U suspends Winslow for allegations of sexual abuse

U suspends Winslow for allegations of sexual abuse
Greg Winslow

Greg Winslow

Utah head swim coach Greg Winslow has been suspended following allegations of sexual abuse filed by the father of a former swimmer.

The Arizona State University Police Department confirmed a police report has been filed containing the allegations against Winslow. The report has yet to be released to the public.

“Late last night [Feb. 27], we learned of allegations against our swim coach,” said Utah athletic director Chris Hill. “We normally would not [take action] with just allegations, but these are very serious allegations … we decided it was in the best interest of everybody to have a suspension of the coach right now.”

The story was first reported by Irvin Muchnick, who blogs at Concussion Inc. Muchnick reported that Winslow’s molestation of the swimmer began when she was 15 years old and took place for more than two years while Winslow coached the Sun Devils Aquatics club team in Tempe, Ariz.

“This heartbreaking and absolutely gut-wrenching story further demonstrates the need for a drastic change in the sex abuse culture that has permeated USA Swimming for decades,” said Robert Allard, attorney for the alleged victim’s family, in a statement. “Until these coaches firmly understand that there is absolutely no tolerance for this type of behavior … this type of sordid and sick activity will continue.”

While university administrators learned of the allegations about 12 hours prior to the suspension, ASU police placed a call to the U Police in early December, according to university spokesman Keith Sterling. U Police did not disclose the phone call to any administrators.

Winslow’s suspension follows a history of suspicious behavior. The U’s Office of Equal Opportunity investigated Winslow earlier in the season following complaints from the families of dismissed team members Austin Fiascone and Karson Applin. Much of the investigation centered around an alleged abusive and racially-oriented incident regarding Applin, the team’s only black swimmer at the time.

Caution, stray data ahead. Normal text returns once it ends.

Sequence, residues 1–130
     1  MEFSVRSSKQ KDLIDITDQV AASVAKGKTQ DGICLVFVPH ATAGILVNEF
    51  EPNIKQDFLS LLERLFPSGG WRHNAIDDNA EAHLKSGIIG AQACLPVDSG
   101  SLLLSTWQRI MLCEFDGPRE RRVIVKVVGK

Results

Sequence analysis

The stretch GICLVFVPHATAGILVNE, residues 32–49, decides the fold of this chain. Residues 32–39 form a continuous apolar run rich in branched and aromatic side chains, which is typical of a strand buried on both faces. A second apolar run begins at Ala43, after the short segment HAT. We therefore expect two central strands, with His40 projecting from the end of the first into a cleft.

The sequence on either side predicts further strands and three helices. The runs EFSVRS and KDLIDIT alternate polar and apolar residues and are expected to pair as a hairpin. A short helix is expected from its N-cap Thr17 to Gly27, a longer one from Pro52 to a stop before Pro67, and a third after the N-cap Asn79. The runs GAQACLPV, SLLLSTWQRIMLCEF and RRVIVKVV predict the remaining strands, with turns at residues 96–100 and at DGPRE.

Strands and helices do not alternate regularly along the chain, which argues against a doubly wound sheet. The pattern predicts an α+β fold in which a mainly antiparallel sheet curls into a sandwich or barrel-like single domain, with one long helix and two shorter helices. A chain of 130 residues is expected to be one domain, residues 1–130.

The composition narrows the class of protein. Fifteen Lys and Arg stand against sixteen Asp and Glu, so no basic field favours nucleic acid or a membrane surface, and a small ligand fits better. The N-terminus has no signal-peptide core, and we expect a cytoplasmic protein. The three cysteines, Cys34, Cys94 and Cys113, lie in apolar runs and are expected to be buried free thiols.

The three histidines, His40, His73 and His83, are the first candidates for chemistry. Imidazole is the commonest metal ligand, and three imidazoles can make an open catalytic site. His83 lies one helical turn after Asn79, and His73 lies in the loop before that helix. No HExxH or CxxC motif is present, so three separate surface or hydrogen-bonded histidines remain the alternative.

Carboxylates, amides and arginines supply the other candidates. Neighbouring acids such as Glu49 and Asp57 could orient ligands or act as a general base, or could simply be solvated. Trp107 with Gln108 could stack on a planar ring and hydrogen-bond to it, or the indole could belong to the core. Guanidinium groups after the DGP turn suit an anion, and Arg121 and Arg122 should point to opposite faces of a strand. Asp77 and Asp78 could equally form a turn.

The incident occurred on Martin Luther King Jr. Day of 2010. According to Applin, he was joking about getting practice off because he was black.

The team was swimming underwaters, an exercise in which the swimmer must swim the entire length of the pool without surfacing for air. After a couple rotations, Winslow allegedly pulled Applin out of the pool and proceeded to tape a long, thin PVC pipe to his back. Applin said Winslow then wrapped tape around his stomach and chest, then taped his outstretched hands to the pipe above his head. Applin was then told to proceed with the underwaters. The pool’s gutters made it difficult for Applin to stand because the PVC pipe would get stuck in the gutter’s overhang.

“The next thing I knew, I woke up in Greg’s lap,” Applin said. “I didn’t even know I had blacked out.”

Sterling said Rainbow Push, Rev. Jesse Jackson’s civil rights organization, contacted the university about Applin’s incident, though he couldn’t provide any further information.

The OEO recommended no disciplinary action when the investigation concluded on Jan. 24.
Diving coach Richard Marschner was appointed interim head coach in light of Winslow’s suspension. Utah’s women’s team is competing in the Pac-12 Championships in Federal Way, Wash. The women’s swim team wraps up the Pac-12 championships Saturday, and the men’s conference championship begins the following day.

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